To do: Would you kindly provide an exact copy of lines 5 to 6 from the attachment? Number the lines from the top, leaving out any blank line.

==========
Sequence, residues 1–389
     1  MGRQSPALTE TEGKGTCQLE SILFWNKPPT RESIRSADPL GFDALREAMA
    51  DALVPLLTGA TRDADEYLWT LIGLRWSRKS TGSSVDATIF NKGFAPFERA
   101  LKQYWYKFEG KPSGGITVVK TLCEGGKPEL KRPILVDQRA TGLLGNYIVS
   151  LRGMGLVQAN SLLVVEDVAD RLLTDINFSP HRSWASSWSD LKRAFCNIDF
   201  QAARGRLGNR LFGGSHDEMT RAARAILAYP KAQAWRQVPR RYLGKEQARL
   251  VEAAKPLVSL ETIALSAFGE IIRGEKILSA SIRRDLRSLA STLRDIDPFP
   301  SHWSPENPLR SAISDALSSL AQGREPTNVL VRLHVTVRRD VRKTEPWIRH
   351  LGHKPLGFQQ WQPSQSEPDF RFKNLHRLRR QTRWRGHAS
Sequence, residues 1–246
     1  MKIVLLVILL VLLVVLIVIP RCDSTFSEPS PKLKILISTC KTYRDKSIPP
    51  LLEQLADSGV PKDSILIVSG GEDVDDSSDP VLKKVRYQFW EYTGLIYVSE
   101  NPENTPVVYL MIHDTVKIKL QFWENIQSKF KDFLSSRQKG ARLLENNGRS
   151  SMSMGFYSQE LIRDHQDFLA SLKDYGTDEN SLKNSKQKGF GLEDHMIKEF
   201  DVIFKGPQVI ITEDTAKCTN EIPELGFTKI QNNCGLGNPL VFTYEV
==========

   151  LRGMGLVQAN SLLVVEDVAD RLLTDINFSP HRSWASSWSD LKRAFCNIDF
   201  QAARGRLGNR LFGGSHDEMT RAARAILAYP KAQAWRQVPR RYLGKEQARL